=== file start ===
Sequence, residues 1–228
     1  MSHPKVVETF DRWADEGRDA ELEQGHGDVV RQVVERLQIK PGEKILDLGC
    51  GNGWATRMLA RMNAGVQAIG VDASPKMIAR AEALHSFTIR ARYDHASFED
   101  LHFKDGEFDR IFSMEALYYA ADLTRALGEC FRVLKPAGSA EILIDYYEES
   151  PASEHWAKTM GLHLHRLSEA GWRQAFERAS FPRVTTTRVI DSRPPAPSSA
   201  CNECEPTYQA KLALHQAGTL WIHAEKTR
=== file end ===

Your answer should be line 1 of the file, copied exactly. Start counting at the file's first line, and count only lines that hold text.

Sequence, residues 1–228